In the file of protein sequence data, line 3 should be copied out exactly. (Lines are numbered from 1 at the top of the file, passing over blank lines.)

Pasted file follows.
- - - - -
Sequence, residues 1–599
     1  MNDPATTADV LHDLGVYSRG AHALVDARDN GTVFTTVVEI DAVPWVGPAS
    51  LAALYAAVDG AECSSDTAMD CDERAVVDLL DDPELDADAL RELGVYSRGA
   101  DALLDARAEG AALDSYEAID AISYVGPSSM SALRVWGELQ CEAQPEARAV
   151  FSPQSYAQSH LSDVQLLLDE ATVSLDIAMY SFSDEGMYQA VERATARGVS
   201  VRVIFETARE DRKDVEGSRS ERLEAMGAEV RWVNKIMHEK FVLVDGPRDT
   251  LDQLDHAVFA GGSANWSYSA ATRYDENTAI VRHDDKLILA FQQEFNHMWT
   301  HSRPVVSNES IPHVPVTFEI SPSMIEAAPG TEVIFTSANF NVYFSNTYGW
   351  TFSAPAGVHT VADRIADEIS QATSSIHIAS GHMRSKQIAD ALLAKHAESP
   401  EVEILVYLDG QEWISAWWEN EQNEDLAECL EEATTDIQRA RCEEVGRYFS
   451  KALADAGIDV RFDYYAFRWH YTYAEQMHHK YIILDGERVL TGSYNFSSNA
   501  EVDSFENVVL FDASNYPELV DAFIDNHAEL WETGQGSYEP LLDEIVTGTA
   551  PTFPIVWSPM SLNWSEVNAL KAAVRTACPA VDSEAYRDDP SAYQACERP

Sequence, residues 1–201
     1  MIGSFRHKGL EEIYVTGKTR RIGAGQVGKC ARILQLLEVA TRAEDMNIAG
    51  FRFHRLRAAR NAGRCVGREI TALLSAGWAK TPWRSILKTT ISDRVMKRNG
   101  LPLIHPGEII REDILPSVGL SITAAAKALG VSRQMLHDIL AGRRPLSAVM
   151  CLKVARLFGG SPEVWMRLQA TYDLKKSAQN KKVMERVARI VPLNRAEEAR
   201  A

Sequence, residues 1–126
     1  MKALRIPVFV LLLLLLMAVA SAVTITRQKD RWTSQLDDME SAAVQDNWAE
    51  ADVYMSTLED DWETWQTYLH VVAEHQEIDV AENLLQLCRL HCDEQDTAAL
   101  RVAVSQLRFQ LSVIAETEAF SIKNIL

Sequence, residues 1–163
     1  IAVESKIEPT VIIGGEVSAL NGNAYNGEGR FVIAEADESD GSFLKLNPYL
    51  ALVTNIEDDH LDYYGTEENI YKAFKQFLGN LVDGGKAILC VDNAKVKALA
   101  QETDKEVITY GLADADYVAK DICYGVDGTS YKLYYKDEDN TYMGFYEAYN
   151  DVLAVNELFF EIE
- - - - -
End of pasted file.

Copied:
    51  LAALYAAVDG AECSSDTAMD CDERAVVDLL DDPELDADAL RELGVYSRGA